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A new report from the American Council of Trustees and Alumni and Education Sector, “Selling Students Short: Declining Teaching Loads at Colleges and Universities,” assigns tenure-line university faculty a remarkable amount of blame for the high price of college. As the report states, bemoaning faculty labor costs is common practice among critics of the academy, who frequently assume the single largest university budget category (usually faculty compensation) holds the most fat. To his credit, author Andrew Gillen moves beyond that simplistic assumption and seeks evidence of ineffective faculty spending. In doing so, he tells a compelling and concerning narrative about university products and faculty priorities: the instructional mission of American higher education is being short-changed, particularly for students and taxpayers. Unfortunately, the report’s conclusions ultimately overreach and overshadow its main value—generating greater policy discussion around the costs and products associated with faculty work.
Gillen uses federal data to demonstrate reductions in tenured and tenure-track (TT) teaching loads across institution types, between academic years 1987-1988 and 2003-2004. He provides a cohesive synthesis of factors widely thought to contribute to this outcome, with some emphasis on Massy and Zemsky’s concept of “the academic ratchet.” The academic ratchet explains that as faculty seek reputational prestige and career mobility through increased attention to their research responsibilities, they must, and readily do, decrease attention to instruction and other responsibilities. The report neglects to mention the other half of this framework, (“the administrative lattice”), which explains how administrators enable faculty to restructure their work: they expand their ranks, also at added cost. Data show administrative growth, both in terms of expenditure and added employees, has been prodigious in recent years.
On the faculty side, the report makes small mention of “adjunctification,” the massive growth of mostly part-time instructors with little to no other work responsibilities competing for attention. There is a lack of data on the degree to which adjunct instruction constitutes a cost exchange versus an added cost, but reduced compensation is of central importance to their use. Gillen calculates his cost of reduced TT course load numbers based entirely on TT faculty salaries. The result is undoubtedly an overestimation of the cost of reduced TT faculty teaching, as we know the replacement of that labor is often accomplished more cheaply with PT instruction. [Editor’s Note: The previous two sentences have been revised from the original post. See note below] One economist figured the average hourly cost for a part-time instructor at about 64 percent less than that of a TT instructor at the time of the Gillen report’s data collection (2004), so the magnitude of that overestimation is plausibly quite large.
The report’s next misstep is to identify a percentage of tuition that could have been avoided had teaching loads not declined. But again, Gillen fails to acknowledge important variables. For example, a high tuition/high aid approach to tuition setting may not reflect the cost of providing services, such as teaching, but rather the size of an institution’s financial aid budget, or the potential for recruiting high-pay students.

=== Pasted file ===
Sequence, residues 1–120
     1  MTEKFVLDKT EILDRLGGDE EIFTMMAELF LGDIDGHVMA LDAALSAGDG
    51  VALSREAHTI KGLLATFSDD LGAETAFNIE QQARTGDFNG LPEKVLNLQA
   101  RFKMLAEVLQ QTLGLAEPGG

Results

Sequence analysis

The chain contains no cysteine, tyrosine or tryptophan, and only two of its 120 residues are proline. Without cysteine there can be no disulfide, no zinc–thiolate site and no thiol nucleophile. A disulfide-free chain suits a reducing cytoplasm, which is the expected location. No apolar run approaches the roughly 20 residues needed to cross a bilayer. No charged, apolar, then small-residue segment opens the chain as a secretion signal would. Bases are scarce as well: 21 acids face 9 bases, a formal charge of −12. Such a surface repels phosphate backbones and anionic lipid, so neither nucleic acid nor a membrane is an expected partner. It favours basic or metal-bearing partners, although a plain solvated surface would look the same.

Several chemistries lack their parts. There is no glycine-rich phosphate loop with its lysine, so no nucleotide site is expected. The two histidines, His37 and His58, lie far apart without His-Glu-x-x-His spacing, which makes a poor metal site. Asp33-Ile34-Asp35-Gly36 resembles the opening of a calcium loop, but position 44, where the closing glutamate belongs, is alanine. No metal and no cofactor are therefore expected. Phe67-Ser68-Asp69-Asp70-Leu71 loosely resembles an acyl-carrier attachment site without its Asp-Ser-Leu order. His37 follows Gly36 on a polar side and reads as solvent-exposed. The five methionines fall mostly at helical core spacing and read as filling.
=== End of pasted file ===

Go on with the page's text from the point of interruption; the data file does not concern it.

Finally, Gillen goes further by assigning dollar-value opportunity costs to teaching load reductions. Specifically, he attempts to answer the question: “How much more revenue would an increase in teaching loads generate?” At Penn State, the report estimates that just one more class per term, per professor would generate nearly $700 million additional annual tuition revenue, besides providing additional enrollment capacity. But why not two, or even three more courses ($1.4 billion in additional tuition revenue is surely better than $700 million, and $2.1 billion even better than $1.4 billion)? Gillen writes, “Most public universities could raise even more by enrolling out-of-state students.” Besides conflicting with the realities of state- and campus-level enrollment planning (particularly regarding out of state students, whose numbers tend to be capped by law), the notion that any cost savings from heavier teaching loads would be passed on to students and taxpayers is not evident. Gillen’s opportunity cost argument strays from his main thesis by speaking to raising new funds and reallocating existing revenue, not reducing costs.
In the end, the report endorses the view that faculty are “essentially stealing from taxpayers and students” through their tenure-protected laziness. Yet, his dollar-value cost assessment of the declining standard of tenure-line labor and the faculty who occupy those positions is specious, and evidence does not point to systematic (or even widespread) faculty negligence.
The value of Gillen’s report lies not in its analysis, but in bringing policy attention to the need for better support of the teaching mission of American higher education. Research is the coin of the realm in academe, and as faculty and administrators increasingly seek reputational prestige, other faculty work stands to suffer. The teaching loads data, with which the report begins, lend weight to the larger question of whether the structure of faculty work has become widely problematic. Until students have a better way to judge teaching quality at the point of college choice, the unbalanced pull of research-based prestige poses real challenges to students and the taxpayers who invest in their learning.
Updated 4.3.2013:This post has been revised to clarify the way in which the report’s author calculated the cost of reduced course loads. I apologize for any confusion that I may have caused by inadvertently misrepresenting this aspect of the report.